Now that we have identified who are the disciples, what do we do? What are the responsibilities of a disciple? During the time the disciple Paul served his term in prison, he wrote a letter to Philemon. In today’s Epistle reading we learn about Paul’s criminal record as a prisoner. (By the way, given the criteria for ordination today, Paul would not be a likely candidate for ordination because he would fail the background check – his criminal record would disqualify him!)

From his prison cell, Paul writes a letter to his friend, Philemon, a sister in Christ Apphia, a fellow soldier in Christ Archippus, and the worshipping community who met at Philemon’s house, about Onesimus. In his letter, Paul describes a new family member in Christ named Onesimus, a run away slave. In the spirit of adoption, Paul has claimed Onesimus as his son and asks that Philemon and the community receive Onesimus not as a slave, but as a “beloved brother”, an equal partner and friend in the community of Christ. To emphasize the importance of this matter, Paul personally writes the letter to Philemon and calls the disciples of Christ to a higher standard of love, one of forgiveness. Through the love of Jesus Christ, Paul asks that Philemon and the church create a new system of brotherly and sisterly equality, rather than live in the secular system of oppression and superiority. What a wonderful idea – total acceptance of a slave as brother or sister, because Jesus Christ loves us. We are all equally loved in the eyes of God.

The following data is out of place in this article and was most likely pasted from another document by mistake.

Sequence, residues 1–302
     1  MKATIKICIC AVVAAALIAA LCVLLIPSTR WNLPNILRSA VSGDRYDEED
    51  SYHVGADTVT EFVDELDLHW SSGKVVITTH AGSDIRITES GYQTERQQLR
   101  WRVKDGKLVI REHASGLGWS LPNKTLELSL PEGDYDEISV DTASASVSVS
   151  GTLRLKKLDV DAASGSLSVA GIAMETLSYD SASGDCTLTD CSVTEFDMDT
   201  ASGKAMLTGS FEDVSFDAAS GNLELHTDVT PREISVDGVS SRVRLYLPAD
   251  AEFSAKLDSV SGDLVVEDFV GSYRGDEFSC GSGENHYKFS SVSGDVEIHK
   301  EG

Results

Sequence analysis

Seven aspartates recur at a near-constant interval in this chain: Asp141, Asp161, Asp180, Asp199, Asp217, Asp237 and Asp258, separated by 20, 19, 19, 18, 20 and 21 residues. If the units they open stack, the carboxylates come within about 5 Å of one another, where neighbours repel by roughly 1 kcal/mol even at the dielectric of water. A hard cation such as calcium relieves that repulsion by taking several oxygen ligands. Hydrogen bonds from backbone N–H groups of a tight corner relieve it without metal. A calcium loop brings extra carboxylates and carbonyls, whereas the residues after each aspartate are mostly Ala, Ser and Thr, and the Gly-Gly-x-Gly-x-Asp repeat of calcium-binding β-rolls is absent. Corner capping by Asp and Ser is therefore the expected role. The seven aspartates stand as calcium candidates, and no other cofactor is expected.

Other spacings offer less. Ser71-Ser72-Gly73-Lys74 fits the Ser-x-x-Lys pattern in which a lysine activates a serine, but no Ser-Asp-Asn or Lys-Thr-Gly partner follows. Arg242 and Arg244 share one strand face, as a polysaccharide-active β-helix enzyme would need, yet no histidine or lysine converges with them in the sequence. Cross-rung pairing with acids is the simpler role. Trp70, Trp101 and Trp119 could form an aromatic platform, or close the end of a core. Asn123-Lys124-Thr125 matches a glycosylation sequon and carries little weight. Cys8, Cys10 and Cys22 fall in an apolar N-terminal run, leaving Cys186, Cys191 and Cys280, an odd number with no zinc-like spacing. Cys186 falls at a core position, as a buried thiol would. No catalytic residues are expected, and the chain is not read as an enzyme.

As disciples we are responsible for each other and for loving each other in Christ as brothers and sisters in Christ. As the baptised, we are responsible to proclaim the ‘Good News’ of Jesus Christ. The ‘Good News’ of Jesus Christ, who died, was buried and resurrected for each of us in love. As disciples, we are summoned through our baptismal vows to commit random acts of love, because we believe in the resurrected Christ, the love of God and the power of the Holy Spirit. Our actions must illustrate the love in Christ, the same Christ who spoke on the Mount of Olives, the same God who parted the Red Sea, and the same Holy Spirit that is the comforter and the same God who calls us to love each other unconditionally. We are the earthly vessels for God to use as witnesses of God’s continuous acts of love. Disciples are responsible for preaching, teaching and manifesting the word of God and loving all people regardless of race, creed, color, class, social status, height, weight or depth. We are commanded to love. That is the responsibility of a discipleship of God.

This morning we, the baptized, are called to fulfill our baptismal vows. How do we live out the covenant of the discipleship? My dad was a good, faithful Christian and a wise person. He always said, “You will know what a person believes from how that person behaves.” Our actions toward each other illustrate what we believe. It is only through God’s grace that we can illustrate unconditional love. God’s grace is free, but it is not cheap. Dietrich Bonhoeffer a theologian, author and teacher, returned to Nazi Germany during WWII to be with his countrymen and women oppressed under Nazi rule. Bonhoeffer left the safe haven of America and returned to Germany knowing he would be arrested, placed in a concentration camp and possibly murdered. In his book entitled, “The Cost of Discipleship”, Bonhoeffer describes cheap grace. “Cheap Grace is preaching forgiveness without requiring repentance. Cheap Grace is baptism without church discipleship. Cheap grace is communion without confession, absolution without personal confession”. Cheap Grace is what the world offers, ” it is grace without discipleship, grace without the cross. Cheap Grace is grace without Jesus Christ, living and incarnate”. (Cost of Discipleship, p.45-45) Cheap grace is cheap because we can give it freely according to our need to justify our sinful behavior.